These days the transition to adulthood seems to be particularly difficult.  Youth unemployment, zero hours contracts, high housing costs, unpaid internships and increased tuition fees have created a challenging environment for young people.  Two qualitative studies, undertaken by researchers from  the Families and Children Research Group (Professor Jane Lewis, Professor Anne West, Dr Philip Noden and Dr Jonathan Roberts) at LSE and supported by the Leverhulme Trust, have investigated particular aspects of the transitions of early adulthood as they affect both parents and their young adult children.  The first study has examined the support which parents provide to their children when they go away to university.  The second has explored the increasingly common phenomenon of graduates who return to live with their parents after graduation.  Key findings from the studies have been summarised in two research briefs:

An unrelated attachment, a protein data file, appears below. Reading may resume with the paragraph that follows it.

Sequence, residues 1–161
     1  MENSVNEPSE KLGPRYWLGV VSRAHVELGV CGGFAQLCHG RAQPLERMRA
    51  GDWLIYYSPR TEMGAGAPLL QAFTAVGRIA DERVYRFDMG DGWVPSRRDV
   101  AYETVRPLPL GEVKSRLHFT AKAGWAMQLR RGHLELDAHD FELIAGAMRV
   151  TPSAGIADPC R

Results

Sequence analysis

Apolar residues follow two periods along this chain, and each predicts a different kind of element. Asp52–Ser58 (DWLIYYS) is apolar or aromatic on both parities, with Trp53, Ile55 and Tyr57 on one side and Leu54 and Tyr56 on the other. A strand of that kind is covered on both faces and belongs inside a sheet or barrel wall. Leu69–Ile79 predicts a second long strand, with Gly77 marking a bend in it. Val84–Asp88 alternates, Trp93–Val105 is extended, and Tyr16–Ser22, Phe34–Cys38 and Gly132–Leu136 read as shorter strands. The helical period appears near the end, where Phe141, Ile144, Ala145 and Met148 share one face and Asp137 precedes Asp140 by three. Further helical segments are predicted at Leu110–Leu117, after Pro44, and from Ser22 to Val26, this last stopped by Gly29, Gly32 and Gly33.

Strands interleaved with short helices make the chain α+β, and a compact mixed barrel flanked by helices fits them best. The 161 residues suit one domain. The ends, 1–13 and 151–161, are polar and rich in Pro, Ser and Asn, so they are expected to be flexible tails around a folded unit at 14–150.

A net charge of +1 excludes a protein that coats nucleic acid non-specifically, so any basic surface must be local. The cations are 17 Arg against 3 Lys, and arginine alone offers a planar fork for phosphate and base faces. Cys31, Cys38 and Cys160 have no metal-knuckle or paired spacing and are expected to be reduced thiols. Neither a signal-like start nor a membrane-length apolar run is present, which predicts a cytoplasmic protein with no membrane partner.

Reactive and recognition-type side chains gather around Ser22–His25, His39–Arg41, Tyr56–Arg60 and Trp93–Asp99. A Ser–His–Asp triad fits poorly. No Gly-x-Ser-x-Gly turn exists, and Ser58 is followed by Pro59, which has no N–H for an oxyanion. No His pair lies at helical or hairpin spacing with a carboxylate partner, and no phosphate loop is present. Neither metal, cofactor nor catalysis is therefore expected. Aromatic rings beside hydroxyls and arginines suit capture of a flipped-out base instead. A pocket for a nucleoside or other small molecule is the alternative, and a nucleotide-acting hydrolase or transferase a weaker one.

Family Transitions in Early Adulthood: Parental Support of University Students

Family transitions in Early Adulthood: Coresidence of Young Graduates with their Parents

Social Rights and Human Welfare

Social Rights and Human Welfare

Routledge (March 2015)

The idea of social rights has always played a central, but often contested, part in social policy. In his latest book, Professor Hartley Dean radically reframes our understanding of social rights as the articulation of human needs.